EAS Fall 2018 Seminar Series Presents: Dr. David Holland, Center for Atmosphere Ocean Science, NYU
A Tale of Two Ice Sheets: Is it the Best of Times, or Worst of Times?
The Greenland and Antarctic Ice Sheets are sensitive to changes at their marine terminating outlet glaciers where observed fast retreat is triggered by ocean warming at depth. Specific pathways by which ocean temperature changes reach outlet glaciers are little known.
We present ocean fjord observations and a global ocean model to identify mechanisms responsible for the variability of glacier fjord deep waters. We find that thermodynamic cooling by deep convection sets the inter-annual variability of this deep water at its source.
Further, dynamic Ekman transport across the continental shelf break introduces intra-annual variability into this water mass. Warm waters arriving at outlet glaciers has been argued to have caused loss or breakup of the ice shelves.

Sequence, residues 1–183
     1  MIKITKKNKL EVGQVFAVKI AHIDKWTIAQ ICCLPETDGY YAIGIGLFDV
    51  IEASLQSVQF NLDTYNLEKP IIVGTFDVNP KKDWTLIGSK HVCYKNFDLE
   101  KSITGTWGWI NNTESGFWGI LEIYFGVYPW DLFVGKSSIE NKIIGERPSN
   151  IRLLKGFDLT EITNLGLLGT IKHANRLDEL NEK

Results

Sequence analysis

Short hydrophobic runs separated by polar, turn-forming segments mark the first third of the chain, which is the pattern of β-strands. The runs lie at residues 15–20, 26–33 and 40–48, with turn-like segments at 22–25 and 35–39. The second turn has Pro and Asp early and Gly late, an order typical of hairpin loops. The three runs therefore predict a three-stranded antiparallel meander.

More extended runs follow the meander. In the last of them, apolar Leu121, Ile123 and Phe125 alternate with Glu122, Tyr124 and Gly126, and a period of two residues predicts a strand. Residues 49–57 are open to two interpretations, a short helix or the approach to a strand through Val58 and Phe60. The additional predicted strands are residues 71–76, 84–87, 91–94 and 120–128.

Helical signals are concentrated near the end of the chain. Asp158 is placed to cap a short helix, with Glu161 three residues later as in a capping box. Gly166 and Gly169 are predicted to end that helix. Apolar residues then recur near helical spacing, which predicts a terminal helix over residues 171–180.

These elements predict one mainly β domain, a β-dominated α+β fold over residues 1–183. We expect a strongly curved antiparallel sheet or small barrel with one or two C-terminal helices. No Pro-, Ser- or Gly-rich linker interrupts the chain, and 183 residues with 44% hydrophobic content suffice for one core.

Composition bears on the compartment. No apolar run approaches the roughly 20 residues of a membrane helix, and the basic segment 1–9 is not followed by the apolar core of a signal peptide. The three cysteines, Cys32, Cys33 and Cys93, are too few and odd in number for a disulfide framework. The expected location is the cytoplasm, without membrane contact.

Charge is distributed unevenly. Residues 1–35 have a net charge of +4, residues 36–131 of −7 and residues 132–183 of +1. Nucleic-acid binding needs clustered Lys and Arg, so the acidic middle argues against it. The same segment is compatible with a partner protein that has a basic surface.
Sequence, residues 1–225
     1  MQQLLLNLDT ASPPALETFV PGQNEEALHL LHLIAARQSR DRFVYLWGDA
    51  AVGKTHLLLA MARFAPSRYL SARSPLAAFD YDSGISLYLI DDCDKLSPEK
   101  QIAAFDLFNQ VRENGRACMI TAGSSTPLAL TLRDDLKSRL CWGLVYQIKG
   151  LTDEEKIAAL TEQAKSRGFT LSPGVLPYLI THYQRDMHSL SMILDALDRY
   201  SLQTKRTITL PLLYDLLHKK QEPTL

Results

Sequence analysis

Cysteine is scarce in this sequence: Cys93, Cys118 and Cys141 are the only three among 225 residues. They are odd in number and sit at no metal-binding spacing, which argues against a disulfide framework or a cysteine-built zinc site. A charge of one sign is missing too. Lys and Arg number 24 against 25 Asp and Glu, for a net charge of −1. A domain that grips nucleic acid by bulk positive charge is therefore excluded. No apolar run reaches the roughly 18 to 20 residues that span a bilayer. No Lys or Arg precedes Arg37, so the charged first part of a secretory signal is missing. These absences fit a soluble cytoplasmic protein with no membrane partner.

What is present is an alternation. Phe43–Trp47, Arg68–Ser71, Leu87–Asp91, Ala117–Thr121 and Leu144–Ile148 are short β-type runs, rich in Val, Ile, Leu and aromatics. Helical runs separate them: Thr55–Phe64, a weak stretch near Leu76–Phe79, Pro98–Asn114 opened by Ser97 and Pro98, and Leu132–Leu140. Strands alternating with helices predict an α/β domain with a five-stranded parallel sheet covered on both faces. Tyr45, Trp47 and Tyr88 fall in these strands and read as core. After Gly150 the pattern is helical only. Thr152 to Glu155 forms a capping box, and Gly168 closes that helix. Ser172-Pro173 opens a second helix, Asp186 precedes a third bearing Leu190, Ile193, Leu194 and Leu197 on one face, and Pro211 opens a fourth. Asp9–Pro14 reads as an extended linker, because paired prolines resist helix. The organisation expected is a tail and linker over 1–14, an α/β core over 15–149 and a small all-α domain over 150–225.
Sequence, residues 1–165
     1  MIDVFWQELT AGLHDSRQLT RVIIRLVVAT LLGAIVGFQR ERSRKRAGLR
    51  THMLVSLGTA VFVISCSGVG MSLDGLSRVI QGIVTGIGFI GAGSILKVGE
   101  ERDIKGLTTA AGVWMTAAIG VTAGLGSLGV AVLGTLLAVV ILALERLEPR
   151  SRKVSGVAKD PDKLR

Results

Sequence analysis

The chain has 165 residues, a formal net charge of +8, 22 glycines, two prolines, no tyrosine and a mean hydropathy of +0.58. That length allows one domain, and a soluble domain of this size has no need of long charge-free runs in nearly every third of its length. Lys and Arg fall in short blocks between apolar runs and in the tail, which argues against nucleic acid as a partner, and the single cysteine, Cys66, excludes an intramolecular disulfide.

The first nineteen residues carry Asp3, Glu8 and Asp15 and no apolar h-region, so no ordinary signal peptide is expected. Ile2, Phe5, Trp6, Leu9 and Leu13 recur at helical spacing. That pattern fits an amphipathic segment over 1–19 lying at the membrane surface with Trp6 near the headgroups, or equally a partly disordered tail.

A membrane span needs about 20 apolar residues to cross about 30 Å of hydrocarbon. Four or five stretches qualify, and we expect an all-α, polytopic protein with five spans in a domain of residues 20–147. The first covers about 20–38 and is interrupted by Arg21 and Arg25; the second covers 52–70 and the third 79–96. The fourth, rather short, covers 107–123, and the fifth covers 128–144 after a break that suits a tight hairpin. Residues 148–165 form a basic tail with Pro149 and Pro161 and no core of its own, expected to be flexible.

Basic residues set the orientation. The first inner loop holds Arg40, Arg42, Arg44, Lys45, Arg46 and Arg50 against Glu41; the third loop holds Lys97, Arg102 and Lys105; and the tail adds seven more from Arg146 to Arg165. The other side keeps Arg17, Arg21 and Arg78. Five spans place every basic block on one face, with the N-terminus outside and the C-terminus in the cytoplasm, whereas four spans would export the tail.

It has been suggested that absent an ice shelf, the ocean’s role in modulating outlet glacier behavior may be diminished, here we provide evidence to the contrary. We observe that, absent an ice shelf, intra- and inter-annual varying ocean warm-water intrusions still lead to grounding line retreat, rapid thinning at the terminus, and speedup of a glacier.
This response to warm-water intrusions indicates that outlet glaciers, even those without floating ice shelves, are largely sensitive to ocean temperature change.